As recent news shed light on the thousands of families who have been separated at the U.S.-Mexico border in the last month, and as political pressure on the Trump administration to end the practice continues to mount, The Architecture Lobby (T-A-L) and Architects / Designers / Planners for Social Responsibility (ADPSR) issued a statement that rejects the role of architects in designing such detention facilities. In their statement, both groups unanimously call for the federal government to end the militarization of the border and for architects to refuse to take on work that would further human suffering. “The Architecture Lobby and ADPSR call on architects, designers, planners and allied professionals to refuse to participate in the design of any immigration enforcement infrastructure, including but not limited to walls, checkpoints, Immigration and Customs Enforcement (ICE) offices, detention facilities, processing centers, or juvenile holding centers. We encourage owners, partners and employees who find themselves in practices that engage in this work to organize, and deny their labor to these projects. “For too long, architects have been complicit in human caging by designing and building these structures. Architects designed the facilities where children call out for their parents at night. Architects also designed the extensive network of facilities where their parents shiver in frigid holding cells. History has taught us that what is strictly legal is not always what is just. It is time for this to end. We call on professionals to join us in this pledge: We will not design cages for people.” T-A-L and ADPSR directly called upon the national AIA to “to prove its commitment to making more diverse, equitable, inclusive, resilient, and healthy places for all people.” As the 2018 AIA Conference on Architecture kicks off today under the “Blueprint for Better Cities” banner, architects from all over the country will be gathering to discuss how to improve cities for their inhabitants. With Walmarts being repurposed as child detention facilities and as the Trump administration floats the idea of building more “tent cities” to house migrants, architects will likely continue to be contracted to design these facilities. In their statement, T-A-L and ADPSR have asked that the AIA directly comment on the practice, and publicly condemn, or excommunicate, its members who would willingly work to design them. For its part, the AIA has issued past statements against immigration and visa restrictions and their impact on the profession, but nothing about the actual practice of taking on such work. AN will update this story with any potential responses from the AIA. On the grassroots level, at the time of writing, a document has been making the rounds on Twitter that lists the architects and contractors who have been identified as working on such facilities, with contact information for many.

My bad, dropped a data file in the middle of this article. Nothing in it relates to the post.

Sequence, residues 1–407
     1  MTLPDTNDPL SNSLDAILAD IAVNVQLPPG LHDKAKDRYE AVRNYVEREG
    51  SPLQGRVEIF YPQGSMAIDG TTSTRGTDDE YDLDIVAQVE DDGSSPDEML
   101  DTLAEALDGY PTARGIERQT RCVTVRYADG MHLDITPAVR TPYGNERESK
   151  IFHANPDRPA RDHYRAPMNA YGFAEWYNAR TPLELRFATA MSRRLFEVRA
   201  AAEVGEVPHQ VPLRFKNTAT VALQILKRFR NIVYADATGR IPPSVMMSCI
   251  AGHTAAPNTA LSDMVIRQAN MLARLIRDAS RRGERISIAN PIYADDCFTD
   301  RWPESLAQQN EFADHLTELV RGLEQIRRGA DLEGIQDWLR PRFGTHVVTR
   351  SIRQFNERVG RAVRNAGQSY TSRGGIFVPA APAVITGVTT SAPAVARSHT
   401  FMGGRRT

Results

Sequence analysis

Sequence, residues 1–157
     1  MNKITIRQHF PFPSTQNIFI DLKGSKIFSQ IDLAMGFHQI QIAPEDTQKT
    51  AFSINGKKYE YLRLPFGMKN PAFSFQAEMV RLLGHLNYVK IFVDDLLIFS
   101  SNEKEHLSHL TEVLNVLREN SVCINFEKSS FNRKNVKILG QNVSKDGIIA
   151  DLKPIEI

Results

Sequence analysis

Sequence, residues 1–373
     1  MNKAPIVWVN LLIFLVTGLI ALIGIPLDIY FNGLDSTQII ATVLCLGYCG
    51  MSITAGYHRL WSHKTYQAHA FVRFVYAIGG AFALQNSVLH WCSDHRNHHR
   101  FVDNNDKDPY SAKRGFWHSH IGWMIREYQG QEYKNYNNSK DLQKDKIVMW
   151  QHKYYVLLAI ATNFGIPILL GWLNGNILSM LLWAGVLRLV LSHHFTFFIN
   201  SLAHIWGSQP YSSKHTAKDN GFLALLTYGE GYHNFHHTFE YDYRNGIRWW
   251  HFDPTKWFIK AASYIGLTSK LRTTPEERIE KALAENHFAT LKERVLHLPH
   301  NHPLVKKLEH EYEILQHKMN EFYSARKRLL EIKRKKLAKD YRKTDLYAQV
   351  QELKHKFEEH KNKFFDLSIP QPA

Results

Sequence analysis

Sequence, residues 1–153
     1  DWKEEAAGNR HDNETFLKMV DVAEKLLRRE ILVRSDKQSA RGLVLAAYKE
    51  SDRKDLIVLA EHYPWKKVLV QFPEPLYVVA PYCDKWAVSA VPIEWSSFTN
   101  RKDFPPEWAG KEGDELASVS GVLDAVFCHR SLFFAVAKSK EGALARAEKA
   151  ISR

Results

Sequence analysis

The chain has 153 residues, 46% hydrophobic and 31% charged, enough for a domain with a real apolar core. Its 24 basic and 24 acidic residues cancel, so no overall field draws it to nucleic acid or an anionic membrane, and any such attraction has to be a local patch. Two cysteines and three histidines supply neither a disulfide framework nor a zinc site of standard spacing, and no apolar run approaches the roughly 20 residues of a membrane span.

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ADPSR is calling all designers to submit protest proposals for Trump’s border wall